We also didn't have any knowledge about not introducing the name of the letter rather than the sound of the letter. I recall a conversation with a German family member who said that this is what they are doing in school now and that we should not be teaching our son the names of the letters! I worried a bit and my husband and I even had a bit of a discussion about it. Luckily my husband is very level-headed and said, "Let's not worry about it either way. He is having fun and is learning something. He is only a year old, for goodness sakes!" And he was so correct. We just let things go and in the end it has been fine. Besides, every few years there seems to appear a new and better way to teach children how to read. New books are purchased, parents are informed of the new method and that is that. Personally I don't think there is anything wrong with this (other than the horrible waste of natural resources on getting rid of the old books and printing out millions of new books) but I know that there are many ways to approach learning so I try to just use what I have at my disposal.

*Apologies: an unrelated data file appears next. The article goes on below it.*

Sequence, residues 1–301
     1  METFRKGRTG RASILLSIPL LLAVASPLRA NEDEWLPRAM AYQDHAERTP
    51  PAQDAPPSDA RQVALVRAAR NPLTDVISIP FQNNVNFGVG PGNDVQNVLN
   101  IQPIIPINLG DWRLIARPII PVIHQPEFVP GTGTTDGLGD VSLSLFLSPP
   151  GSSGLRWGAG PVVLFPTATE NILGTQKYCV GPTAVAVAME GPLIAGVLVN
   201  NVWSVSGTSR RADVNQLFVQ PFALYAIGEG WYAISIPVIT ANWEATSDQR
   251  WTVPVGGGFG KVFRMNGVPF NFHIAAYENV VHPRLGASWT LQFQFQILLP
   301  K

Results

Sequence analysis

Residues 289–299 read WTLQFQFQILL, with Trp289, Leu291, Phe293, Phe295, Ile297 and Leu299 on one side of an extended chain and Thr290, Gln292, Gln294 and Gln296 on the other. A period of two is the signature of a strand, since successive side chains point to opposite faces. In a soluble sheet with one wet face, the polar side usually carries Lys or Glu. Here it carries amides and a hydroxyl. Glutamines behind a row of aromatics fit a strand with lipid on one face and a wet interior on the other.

Later when our oldest learned to write, he would ask us how to spell something and we'd say something like, "Bee, Eee, Eee" for the word "bee" and he'd ask, "Which Eeee? The one with the three lines or the one with the dot?" Basically he was asking, is it the English "E" letter or the German "I" letter. The same with the letter "A" in English and "E" in German, both with similar names. He'd say, "The one like this?" and he'd draw an "A" in the air, "Or the one with the three lines?" This way of distinguishing between letters was his idea and it has worked wonderfully. His brother, who can also write now, is doing the same in terms of distinguishing between letters that sound the same. One could argue that they could know which letter we are providing based on the language of our conversation at the moment. But it just isn't that simple. Since we are often mixing the languages of the words being spelled and the language of the letters to spell the words, it can get a little confusing, so it is easier for my kids to just ask me which I mean.